RI Democrats rescind controversial endorsements
PROVIDENCE, R.I. (WJAR) —
As fireworks hit the evening sky on the Fourth of July, a letter had been sent from Democratic Party Chairman Joe McNamara to the secretary of state, taking back two endorsements and causing a holiday flap.
The party backed newbie Michael Earnheart in the House District 3 race in Providence, despite the candidate's recent support of President Donald Trump. Board of Canvasser information showed Earnheart registered as democrat last December.
The party move seemed odd to some, as District 3 already has a sitting Democrat, Rep. Moira Walsh.
But Walsh has been a vocal critic of her party, including House Speaker Nicholas Mattiello. At one point, she alleged that lawmakers were drinking on the job.
On Twitter, Walsh wrote: "You guys called, emailed and carrier pigeoned the dem party until they finally caved. I officially have a fair race. To be clear @RIDemChair gets no brownie points for the take backsies. I won't forget what happened here.”
During a phone interview with NBC 10 News, Walsh shared her feelings about the fallout, which has gained national attention.
“I appreciate that they eventually did the right thing, but there's no doubt in my mind, had we not called them on it, they never would have rescinded the endorsement,” Walsh told NBC 10.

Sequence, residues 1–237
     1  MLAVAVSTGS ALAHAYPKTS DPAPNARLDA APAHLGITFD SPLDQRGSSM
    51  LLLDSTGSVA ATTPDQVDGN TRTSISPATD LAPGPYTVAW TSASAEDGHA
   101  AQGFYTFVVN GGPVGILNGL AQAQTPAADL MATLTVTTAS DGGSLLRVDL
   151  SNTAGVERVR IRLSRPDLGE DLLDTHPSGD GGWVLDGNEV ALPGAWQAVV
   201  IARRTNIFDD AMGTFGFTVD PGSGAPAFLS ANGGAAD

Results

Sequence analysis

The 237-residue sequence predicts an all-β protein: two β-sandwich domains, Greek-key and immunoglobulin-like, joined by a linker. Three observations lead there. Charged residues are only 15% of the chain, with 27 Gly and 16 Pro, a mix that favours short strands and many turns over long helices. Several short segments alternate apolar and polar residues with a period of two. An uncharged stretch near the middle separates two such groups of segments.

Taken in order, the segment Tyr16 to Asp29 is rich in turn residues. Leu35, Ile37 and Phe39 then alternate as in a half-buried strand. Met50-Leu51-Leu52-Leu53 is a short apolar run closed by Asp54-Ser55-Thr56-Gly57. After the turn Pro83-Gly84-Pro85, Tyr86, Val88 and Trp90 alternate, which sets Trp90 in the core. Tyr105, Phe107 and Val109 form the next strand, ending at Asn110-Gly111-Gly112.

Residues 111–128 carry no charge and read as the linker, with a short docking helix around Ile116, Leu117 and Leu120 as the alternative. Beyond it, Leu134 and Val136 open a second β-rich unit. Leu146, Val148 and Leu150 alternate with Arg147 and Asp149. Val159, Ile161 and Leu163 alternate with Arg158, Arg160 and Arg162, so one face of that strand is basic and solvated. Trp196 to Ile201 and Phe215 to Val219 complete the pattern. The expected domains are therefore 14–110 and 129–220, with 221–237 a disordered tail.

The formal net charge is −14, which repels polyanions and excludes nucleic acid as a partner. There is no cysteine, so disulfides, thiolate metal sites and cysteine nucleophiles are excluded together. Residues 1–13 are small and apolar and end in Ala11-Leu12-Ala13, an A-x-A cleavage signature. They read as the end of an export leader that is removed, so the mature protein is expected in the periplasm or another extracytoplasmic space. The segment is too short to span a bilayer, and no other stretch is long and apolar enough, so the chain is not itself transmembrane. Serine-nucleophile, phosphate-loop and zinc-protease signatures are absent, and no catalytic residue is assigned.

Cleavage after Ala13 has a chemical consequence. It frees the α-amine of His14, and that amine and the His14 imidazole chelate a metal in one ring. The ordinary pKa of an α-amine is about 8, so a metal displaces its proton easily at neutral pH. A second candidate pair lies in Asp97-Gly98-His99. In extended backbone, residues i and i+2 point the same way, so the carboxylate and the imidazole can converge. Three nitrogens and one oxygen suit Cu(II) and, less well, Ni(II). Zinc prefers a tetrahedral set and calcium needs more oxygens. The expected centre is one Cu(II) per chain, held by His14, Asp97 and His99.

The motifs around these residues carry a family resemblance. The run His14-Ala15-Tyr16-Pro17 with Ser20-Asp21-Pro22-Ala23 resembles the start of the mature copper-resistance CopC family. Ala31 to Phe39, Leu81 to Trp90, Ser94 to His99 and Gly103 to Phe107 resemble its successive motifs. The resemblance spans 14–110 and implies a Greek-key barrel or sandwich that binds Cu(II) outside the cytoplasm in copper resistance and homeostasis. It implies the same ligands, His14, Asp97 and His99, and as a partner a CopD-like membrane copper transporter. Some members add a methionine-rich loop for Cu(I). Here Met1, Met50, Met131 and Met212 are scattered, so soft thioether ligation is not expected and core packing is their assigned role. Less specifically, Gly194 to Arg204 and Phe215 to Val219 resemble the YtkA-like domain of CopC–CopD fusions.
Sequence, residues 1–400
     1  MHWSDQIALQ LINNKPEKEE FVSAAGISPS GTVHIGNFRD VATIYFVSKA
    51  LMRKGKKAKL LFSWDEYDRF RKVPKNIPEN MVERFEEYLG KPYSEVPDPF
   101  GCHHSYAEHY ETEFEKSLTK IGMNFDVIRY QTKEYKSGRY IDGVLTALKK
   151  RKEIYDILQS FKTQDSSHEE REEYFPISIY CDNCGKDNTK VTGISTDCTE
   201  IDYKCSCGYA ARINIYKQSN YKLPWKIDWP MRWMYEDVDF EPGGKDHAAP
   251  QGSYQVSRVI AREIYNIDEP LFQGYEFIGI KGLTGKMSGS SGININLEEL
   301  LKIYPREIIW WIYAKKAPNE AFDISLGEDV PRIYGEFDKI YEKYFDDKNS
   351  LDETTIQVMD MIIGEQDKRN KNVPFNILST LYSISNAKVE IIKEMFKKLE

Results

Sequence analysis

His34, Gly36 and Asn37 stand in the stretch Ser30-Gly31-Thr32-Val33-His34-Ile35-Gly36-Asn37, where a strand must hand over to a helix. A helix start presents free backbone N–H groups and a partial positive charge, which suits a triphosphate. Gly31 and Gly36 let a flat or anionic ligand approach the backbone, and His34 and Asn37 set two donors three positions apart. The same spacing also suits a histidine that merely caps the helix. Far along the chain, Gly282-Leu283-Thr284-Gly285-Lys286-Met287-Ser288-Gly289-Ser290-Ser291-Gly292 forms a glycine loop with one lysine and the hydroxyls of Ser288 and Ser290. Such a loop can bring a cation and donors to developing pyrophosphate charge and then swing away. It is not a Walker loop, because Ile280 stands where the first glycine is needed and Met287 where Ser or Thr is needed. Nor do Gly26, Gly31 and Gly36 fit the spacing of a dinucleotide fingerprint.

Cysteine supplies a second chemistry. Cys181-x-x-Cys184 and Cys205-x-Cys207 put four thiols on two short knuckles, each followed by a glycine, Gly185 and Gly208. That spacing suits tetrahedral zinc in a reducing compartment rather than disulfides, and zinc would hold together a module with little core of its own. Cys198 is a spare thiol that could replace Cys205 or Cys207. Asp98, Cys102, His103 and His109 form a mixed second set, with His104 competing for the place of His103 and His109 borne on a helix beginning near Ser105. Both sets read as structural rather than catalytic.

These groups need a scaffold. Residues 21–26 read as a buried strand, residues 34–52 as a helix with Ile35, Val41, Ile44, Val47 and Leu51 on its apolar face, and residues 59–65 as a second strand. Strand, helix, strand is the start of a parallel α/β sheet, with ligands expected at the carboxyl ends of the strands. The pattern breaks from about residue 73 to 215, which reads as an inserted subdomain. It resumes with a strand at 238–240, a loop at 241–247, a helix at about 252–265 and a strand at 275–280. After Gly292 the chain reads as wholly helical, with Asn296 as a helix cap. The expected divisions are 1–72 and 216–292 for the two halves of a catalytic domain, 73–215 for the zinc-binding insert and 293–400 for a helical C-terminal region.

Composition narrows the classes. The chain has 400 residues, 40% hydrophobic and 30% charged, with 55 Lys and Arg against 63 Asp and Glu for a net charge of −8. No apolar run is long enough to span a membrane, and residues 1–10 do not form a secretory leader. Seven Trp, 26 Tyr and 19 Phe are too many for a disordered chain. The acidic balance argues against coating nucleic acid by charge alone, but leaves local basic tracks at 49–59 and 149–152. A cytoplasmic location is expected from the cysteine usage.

Meanwhile, Earnheart put out a statement to his supporters, saying he didn’t want to be a distraction.
“With this behind me, I will take my case directly to the voters in the Democratic Primary in order to move our state forward in a positive direction,” Earnheart noted.
On the Senate side, Democrats backed candidate Gregory Acciardo, a former state senator who's had brushes with the law and was once convicted of vehicular manslaughter.
Acciardo's primary opponent for the seat that represents East Greenwich, Bridget Valverde, has questioned Acciardo's fitness for the office. He didn’t return a call for comment.
At Democratic Party headquarters in Warwick, McNamara wasn’t available for a comment on the controversial endorsements.
“I think the chairman indicated in hindsight that was the wrong thing to do. That's my fault as executive director. But we're taking the right actions to fix it and we fixed it now,” said Kevin Olasanoye.
Olasanoye reiterated an earlier statement and said voters in the district should be making endorsements when no district committee exists.
Wendy Schiller, NBC 10 political analyst and Brown University professor, suggested the local rift in the party is indicative of a rising wing of progressive Democrats.
“How did the Democratic Party, the establishment party with all its resources and everything else, not have done their homework? That's a reason for progressives to say, ‘Hey, put us in. Kick those guys out,” said Schiller.
But the Democrats’ move doesn't mean everything has been smoothed over.
“I forgive but I do not forget and I will not soon forget what the party, what the party did,” Walsh said.
(NBC 10’s Brian Crandall contributed to this report.)